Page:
Review: Jack and The Beanstalk. Royal and Derngate Northampton

Is it really that time of year already? –Oh yes it is! Northampton’s iconic Royal & Derngate pantomime has come dashing through the not quite yet snow, just in time for the countdown to Christmas. Pantos have been a long-lasting tradition of my family’s winter holidays, so it wouldn’t be Christmas without the incessant “it’s behind yous!”, painful puns, low-brow gags and flamboyant costumes. And while Jack And The Beanstalk has all that and a little bit more, this year’s production seems to lack that same festive magic in the years beforehand. There’s laughs and boos aplenty in the show, but I find myself cringing more often than usual through the typical charmless charisma of every pantomime. Maybe I am getting too old for them after all… Oh no I’m not!

Written by Paul Hendy and produced by Evolution, the same team behind last year’s Dick Whittington, Jack And The Beanstalk is no different with plenty of (not all) parents rolling their eyes and kids laughing their heads off at the not-so-wise cracks. Deep down we all know it’s a guilty pleasure, despite hearing waves of sighs with every cheesy pun, you can’t help but smile. I have no shame in admitting the several moments where I couldn’t contain a laugh or two. One thing is certain is that Jack And The Beanstalk has a little something for everyone, young and old, with the odd innuendo and reference flying over kids’ heads.

However, I can’t help but find myself wondering where the magic of this year’s Derngate’s pantomime has gone. By no fault of the cast, the show lacks that feel-good feeling I’ve had with past productions that gets me into the Christmas spirit. Whether or not it’s my more critical eye but I keep wondering where the budget went after seeing the lack of effects. The few instances like when Dame Trott gets stuck in the musical weather machine, which involves her getting water dunked on her over and over, gets old quick. What’s more disappointing to me is the reveal of the surprisingly not evil giant, in which he looks an overly stiff and grim horror. Considering the show itself takes a few comedic punts at the cost-of-living crisis, it makes me wonder about the value for money of the show, considering the fairly premium prices on top of what might be tight times for many.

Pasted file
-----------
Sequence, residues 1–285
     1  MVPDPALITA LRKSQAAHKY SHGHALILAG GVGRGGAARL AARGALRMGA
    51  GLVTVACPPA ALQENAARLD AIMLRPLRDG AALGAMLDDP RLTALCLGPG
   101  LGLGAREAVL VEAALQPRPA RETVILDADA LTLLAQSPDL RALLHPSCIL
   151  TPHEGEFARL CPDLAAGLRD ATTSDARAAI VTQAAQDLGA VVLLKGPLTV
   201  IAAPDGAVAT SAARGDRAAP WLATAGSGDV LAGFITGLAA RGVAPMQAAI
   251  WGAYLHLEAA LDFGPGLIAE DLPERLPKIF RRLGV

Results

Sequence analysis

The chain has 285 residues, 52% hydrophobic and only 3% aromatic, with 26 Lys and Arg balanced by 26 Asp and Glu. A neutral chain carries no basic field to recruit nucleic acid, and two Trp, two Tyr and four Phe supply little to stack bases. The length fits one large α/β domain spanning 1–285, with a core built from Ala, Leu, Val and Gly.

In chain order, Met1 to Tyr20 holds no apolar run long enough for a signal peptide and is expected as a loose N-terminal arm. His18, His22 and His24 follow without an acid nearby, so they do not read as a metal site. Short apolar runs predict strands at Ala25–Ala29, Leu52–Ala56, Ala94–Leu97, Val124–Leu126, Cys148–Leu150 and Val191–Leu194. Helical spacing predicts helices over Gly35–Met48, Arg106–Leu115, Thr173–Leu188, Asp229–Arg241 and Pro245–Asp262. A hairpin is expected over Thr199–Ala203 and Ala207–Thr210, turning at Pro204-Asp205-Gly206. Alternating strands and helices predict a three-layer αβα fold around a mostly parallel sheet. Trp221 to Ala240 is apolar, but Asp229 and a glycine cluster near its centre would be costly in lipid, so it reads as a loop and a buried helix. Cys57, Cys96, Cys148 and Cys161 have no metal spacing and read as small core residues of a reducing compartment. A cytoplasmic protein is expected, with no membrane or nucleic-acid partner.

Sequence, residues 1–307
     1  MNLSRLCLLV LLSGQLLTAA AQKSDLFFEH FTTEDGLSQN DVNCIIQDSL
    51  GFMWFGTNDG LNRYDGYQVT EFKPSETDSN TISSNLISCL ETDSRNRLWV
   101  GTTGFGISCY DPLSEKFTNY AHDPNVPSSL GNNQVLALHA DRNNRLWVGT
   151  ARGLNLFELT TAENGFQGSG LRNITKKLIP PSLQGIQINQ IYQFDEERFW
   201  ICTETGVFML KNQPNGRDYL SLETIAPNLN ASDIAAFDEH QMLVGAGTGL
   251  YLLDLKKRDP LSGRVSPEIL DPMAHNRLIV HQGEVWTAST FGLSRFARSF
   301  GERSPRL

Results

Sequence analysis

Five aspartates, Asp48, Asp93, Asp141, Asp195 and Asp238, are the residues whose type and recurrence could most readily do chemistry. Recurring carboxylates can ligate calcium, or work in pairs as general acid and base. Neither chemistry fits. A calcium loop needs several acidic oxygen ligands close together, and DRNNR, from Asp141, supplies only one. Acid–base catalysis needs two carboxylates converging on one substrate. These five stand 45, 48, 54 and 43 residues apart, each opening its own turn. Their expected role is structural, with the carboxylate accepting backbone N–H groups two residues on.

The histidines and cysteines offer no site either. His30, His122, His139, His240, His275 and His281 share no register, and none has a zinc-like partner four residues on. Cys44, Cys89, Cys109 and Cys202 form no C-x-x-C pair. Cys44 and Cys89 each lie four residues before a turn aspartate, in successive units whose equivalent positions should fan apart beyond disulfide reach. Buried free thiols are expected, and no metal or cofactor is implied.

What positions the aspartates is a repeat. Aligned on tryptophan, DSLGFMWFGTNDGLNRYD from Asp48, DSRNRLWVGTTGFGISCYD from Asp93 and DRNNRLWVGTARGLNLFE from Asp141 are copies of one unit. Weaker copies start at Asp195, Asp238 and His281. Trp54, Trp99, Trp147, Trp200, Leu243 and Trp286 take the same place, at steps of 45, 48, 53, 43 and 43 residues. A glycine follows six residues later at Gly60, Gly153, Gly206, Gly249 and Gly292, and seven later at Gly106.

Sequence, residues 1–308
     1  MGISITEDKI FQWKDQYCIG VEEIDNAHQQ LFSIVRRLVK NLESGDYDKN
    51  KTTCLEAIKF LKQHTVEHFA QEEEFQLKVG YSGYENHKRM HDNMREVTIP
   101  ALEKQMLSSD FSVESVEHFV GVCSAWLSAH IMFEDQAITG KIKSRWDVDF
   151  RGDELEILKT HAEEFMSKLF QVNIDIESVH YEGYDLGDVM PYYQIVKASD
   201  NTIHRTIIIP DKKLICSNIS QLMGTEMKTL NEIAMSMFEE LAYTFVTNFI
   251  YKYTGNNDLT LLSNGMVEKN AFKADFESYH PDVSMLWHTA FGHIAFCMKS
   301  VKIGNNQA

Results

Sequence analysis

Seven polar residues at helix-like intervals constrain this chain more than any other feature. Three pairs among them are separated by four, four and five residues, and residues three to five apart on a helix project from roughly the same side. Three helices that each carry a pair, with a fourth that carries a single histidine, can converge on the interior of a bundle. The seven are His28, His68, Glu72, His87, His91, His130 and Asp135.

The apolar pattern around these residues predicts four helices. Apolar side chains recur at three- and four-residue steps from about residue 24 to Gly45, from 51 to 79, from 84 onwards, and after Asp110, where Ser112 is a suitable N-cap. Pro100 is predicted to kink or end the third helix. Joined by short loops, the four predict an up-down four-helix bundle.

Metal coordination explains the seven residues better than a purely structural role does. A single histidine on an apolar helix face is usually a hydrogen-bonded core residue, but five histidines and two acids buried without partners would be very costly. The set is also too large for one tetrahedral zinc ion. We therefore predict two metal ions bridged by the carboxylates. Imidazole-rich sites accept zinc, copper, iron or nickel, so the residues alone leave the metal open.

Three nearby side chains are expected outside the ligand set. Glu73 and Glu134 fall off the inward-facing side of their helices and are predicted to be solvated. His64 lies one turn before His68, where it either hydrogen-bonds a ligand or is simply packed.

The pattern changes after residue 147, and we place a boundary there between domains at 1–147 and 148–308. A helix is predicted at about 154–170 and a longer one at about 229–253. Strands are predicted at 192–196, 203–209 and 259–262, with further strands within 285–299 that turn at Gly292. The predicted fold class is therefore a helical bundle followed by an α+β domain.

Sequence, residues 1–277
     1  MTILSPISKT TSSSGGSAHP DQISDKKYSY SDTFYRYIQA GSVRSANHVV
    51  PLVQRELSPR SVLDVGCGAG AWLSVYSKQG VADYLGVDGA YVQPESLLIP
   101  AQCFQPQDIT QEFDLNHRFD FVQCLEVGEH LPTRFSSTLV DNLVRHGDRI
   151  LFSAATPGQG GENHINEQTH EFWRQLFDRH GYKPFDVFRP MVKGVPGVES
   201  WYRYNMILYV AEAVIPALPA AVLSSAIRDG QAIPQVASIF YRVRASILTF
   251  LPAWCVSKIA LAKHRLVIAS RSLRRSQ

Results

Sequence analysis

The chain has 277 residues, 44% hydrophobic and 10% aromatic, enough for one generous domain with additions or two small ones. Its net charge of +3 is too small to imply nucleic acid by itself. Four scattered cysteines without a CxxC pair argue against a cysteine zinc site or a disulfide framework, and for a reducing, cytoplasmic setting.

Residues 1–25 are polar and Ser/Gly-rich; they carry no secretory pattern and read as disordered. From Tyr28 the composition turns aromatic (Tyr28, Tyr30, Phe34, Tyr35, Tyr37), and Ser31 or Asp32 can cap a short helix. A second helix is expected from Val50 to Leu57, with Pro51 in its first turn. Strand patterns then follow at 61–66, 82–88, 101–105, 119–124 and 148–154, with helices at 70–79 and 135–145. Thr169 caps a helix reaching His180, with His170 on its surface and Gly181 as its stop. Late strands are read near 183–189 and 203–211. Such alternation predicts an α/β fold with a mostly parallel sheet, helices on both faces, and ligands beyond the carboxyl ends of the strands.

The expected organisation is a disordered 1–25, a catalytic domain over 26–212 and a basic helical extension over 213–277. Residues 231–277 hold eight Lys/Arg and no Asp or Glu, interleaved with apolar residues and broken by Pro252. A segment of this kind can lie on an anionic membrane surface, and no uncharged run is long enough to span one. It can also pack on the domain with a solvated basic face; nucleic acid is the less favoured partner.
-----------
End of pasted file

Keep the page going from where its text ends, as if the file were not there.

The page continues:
Featuring a cast that seems a little small in size but big in laughs, there’s definitely a few that shine brighter than the rest. The star of this year’s production being none other than the vegetable Good Fairy Sugarsnap, played by Keira Settle from 2018’s The Greatest Showman. Appearing when Jack (Alex Lodge) and the gang need her most, she does well in tying the whole show together. With a wave of her artichoke wand, she turns what is an empty stage with crewmates and production junk to the land of Chucklemore. And it’s no surprise that she has a voice that can back her stage presence considering her former worldwide charting song ‘This is me’.

Alongside Jack (Alex Lodge) in his journey up the beanstalk is his flamboyant mother, Dame Trott who is played by the self-admitted ‘fat man in a dress’, Bob Golding. Taking on arguably the biggest role that really makes or breaks a pantomime in my eyes, it’s safe to say he does it well. Modelling a variety of outfits that can only be described as fabulously tacky eye sores, including a tin of ‘Haz Beans’ and Sir Elton John on a piano. While there isn’t anything extremely special about this show, what makes Golding’s performance is his ability to improvise when the inevitable panto mishaps happen.

But for me it’s the rightfully named baddie, Luke Backinanger (Richard David-Caine), who not only steals from the villagers of Chucklemore but the stage as well. David-Caine embraces the clichés of every pantomime villain in a hilarious way that’s not too on the nose with his ‘non-specific foreign accent’. There’s something about the way he delivers every line and gag that has me still laughing as he’s hits yet another quip. Right up until his boy band finale, he has the entire audience’s eyes and ears on him.

Jack And The Beanstalk may pale slightly in comparison to past pantos, but you’ll still be sure to have wonderful evening out with friends and family just in time for Christmas and to kick off the New Year. Jack And The Beanstalk won’t be leaving Northampton’s Royal & Derngate until 2 January 2023, book tickets while you still can here.

Photo credit: Pamela Raith.

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